• Carol Hoke   July 31, 2020 at 11:04 am

    Agreed. I see this all the time. People need to think before they post.

    Reply to Carol Hoke
  • Ryan Thomas   July 31, 2020 at 11:11 am

    This was a good idea for an article! I think it’s easy to get comfortable on social media and just speak our minds, but we have certain legal and ethical considerations as licensees. If we do give bad or even unethical advice, we even are putting out there in writing, yikes! We live in a litigious society and we all need to be careful. I know of an agent that would just blast realtors almost daily during recent events. It was during the shut down. She was throwing out broad accusations about any realtor who felt our industry was essential. Some posts even asserted that “many” or “most” realtors are self-serving in one way or another. I even questioned if I should file a complaint because the comments were painting our whole industry with a broad and bad brush. But, I really don’t want to be the person that does that and I figure she was really just making herself look bad with such talk to most readers.

    Reply to Ryan Thomas
  • Charles , Lillicrapp, Jr.   July 31, 2020 at 11:33 am

    Hey folks ! All things said and done. Be it social media and/or emails keep it cryptic. Like I will call you. Or give me a call.

    Reply to Charles , Lillicrapp, Jr.
  • Andrew Wetzel   July 31, 2020 at 11:40 am

    Excellent article. I would add two points. First, if you do have a relevant question, unless it pertains to the Code of Ethics, please TELL US WHAT STATE YOU WORK IN. If you are going to respond to a post that might be your first question. States operate differently. Second, why does anyone go on social media looking for a quick answer for an urgent question? Where is your Broker or Manager? Why are you willing to trust an unknown person? Fiduciary duties require more than that.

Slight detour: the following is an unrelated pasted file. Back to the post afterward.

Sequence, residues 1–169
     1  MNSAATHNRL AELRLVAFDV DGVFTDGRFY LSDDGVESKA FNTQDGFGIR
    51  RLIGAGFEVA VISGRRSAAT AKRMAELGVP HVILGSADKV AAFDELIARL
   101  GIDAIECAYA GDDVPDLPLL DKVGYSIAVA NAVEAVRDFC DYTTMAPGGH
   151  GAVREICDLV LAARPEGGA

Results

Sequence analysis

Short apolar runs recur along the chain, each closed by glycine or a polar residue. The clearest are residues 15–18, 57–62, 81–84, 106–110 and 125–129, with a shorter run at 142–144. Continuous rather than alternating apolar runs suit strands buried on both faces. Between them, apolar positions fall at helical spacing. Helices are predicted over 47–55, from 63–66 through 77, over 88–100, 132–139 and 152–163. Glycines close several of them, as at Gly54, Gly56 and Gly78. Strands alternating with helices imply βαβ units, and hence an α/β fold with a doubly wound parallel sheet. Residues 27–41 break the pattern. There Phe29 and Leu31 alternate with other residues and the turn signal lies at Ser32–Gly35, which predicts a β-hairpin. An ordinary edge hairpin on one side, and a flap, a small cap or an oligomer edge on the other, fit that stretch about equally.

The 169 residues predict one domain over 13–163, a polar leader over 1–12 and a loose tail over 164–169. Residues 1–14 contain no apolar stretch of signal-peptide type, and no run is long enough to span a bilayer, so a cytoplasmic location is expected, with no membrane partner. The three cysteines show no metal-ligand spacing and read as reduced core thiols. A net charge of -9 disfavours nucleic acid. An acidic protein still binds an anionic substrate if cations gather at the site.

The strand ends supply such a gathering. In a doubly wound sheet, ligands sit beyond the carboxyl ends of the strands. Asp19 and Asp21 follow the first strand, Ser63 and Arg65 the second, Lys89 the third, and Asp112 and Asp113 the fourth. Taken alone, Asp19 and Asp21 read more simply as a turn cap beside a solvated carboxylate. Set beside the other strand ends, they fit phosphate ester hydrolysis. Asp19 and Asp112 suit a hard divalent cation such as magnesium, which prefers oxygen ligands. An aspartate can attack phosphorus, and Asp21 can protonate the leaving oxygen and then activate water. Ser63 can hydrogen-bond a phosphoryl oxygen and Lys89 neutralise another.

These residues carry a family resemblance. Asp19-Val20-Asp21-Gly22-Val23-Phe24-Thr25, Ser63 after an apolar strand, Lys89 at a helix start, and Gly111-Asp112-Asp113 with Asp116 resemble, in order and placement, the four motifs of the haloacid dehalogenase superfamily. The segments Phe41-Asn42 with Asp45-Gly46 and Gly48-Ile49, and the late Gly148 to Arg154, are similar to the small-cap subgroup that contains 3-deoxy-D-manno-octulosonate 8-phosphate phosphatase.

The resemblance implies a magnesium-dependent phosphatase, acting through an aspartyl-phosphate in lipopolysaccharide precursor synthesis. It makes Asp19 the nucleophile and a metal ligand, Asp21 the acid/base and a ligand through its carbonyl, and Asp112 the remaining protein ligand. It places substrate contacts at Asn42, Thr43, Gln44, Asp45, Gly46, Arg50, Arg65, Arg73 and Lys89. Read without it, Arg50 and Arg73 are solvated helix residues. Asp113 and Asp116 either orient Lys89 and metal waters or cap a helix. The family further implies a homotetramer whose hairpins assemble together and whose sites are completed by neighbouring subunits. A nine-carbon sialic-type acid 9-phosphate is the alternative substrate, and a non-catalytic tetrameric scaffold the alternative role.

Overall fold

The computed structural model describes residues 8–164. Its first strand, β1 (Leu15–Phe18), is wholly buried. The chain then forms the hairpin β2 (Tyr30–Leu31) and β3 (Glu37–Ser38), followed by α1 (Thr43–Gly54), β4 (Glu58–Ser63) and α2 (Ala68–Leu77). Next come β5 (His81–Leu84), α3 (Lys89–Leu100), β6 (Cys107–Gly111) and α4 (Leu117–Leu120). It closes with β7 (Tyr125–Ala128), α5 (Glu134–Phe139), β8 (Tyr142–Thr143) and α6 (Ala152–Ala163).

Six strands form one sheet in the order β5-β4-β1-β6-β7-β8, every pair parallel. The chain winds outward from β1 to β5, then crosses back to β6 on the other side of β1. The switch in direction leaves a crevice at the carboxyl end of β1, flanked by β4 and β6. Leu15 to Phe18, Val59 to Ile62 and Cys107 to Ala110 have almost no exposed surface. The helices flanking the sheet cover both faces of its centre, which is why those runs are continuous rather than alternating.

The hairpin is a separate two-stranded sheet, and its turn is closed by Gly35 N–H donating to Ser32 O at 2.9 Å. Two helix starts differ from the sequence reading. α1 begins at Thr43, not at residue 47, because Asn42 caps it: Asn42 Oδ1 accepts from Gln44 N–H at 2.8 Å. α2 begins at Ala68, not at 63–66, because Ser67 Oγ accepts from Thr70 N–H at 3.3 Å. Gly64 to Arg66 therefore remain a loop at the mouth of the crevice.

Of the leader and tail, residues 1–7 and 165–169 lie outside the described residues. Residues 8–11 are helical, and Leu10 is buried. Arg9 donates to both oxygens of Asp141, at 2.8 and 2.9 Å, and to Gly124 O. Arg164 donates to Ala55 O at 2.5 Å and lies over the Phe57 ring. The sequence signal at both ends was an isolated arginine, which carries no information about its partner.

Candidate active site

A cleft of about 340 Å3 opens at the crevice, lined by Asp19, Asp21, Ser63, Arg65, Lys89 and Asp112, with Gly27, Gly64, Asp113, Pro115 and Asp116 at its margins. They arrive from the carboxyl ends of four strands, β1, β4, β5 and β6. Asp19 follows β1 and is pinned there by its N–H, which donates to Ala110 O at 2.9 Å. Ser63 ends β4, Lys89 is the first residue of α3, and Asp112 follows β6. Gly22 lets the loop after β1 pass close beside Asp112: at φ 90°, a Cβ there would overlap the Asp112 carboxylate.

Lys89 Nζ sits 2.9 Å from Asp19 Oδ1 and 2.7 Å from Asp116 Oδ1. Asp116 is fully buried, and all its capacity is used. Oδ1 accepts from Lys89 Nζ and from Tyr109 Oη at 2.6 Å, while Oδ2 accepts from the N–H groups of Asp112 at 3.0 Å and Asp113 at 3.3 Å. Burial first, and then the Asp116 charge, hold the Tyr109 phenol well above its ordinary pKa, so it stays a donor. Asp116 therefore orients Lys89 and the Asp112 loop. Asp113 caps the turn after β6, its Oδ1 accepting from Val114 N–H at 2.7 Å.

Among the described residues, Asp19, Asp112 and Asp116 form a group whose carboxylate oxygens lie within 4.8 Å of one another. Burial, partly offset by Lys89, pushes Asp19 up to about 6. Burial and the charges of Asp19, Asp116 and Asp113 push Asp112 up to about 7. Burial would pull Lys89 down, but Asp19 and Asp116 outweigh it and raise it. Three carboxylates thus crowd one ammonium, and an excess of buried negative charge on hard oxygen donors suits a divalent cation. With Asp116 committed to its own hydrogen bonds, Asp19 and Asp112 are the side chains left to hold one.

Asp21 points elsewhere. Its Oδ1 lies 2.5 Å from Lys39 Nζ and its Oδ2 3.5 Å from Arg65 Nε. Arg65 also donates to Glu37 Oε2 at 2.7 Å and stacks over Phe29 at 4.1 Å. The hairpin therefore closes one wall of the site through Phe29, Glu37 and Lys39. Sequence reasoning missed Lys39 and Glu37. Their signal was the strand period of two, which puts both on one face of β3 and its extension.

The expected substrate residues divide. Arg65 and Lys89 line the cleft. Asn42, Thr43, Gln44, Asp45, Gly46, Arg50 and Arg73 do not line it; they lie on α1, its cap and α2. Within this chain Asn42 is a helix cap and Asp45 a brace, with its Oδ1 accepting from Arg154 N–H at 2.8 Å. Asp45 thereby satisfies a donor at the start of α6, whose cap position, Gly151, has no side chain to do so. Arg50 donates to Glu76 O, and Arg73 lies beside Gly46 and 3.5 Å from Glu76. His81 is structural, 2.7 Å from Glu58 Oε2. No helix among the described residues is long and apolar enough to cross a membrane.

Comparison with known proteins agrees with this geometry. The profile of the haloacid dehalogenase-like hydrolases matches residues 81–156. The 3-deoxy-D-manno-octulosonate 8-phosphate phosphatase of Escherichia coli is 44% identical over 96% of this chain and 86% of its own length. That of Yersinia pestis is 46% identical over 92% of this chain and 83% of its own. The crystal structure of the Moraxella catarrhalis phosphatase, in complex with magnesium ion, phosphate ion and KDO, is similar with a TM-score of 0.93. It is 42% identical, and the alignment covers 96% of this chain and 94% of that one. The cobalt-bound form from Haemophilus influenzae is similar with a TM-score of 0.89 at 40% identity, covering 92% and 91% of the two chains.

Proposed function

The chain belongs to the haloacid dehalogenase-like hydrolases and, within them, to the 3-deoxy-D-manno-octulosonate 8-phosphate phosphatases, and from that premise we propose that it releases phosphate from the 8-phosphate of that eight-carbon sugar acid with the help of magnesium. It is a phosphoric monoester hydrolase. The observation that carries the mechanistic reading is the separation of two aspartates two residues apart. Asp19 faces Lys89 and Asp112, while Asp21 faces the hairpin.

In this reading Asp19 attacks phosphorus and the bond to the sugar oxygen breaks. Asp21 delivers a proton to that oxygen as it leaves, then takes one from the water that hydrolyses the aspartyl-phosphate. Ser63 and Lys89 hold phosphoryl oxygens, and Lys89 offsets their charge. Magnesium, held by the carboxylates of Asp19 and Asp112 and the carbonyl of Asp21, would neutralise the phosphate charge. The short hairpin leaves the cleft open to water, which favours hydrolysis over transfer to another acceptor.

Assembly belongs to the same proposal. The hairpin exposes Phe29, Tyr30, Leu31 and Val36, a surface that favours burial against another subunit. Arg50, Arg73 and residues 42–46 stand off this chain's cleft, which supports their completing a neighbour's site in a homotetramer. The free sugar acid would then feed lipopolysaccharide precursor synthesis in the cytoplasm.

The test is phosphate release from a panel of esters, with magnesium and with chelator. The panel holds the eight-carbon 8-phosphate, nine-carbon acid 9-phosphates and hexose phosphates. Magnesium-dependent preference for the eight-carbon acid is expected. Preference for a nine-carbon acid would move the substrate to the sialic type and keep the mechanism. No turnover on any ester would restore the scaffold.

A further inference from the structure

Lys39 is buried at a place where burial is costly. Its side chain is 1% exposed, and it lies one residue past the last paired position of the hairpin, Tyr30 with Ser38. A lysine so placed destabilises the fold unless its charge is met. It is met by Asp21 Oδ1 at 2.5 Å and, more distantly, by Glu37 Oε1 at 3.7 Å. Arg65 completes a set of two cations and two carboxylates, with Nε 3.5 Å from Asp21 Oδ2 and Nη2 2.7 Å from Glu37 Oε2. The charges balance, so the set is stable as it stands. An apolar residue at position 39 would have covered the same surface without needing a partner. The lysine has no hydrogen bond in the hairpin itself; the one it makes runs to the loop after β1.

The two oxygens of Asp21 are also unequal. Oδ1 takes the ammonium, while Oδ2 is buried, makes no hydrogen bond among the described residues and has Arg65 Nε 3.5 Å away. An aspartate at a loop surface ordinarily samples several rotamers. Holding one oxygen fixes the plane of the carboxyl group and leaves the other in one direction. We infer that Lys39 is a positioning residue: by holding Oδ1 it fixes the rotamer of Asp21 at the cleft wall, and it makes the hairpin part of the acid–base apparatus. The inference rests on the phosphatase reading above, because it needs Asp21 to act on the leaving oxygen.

Reply to Andrew Wetzel
  • Pat Moyer   July 31, 2020 at 11:42 am

    Very timely info! As always, thanks Hank. I’m reminded of what my grandmother said, ” if you can’t say something nice, don’t say anything at all.”

    Reply to Pat Moyer
  • Charles Foht   July 31, 2020 at 2:13 pm

    Many brokers have abdicated oversight. I refer to much of what is happening in the current market place of licencees as “ the wild , Wild West.

    Reply to Charles Foht
  • Patricia Crane   August 3, 2020 at 1:47 pm

    Thanks, Hank. As always your comments are serious and slightly witty at the same time. Much appreciate your writing style and how relevant your articles always are.

    Reply to Patricia Crane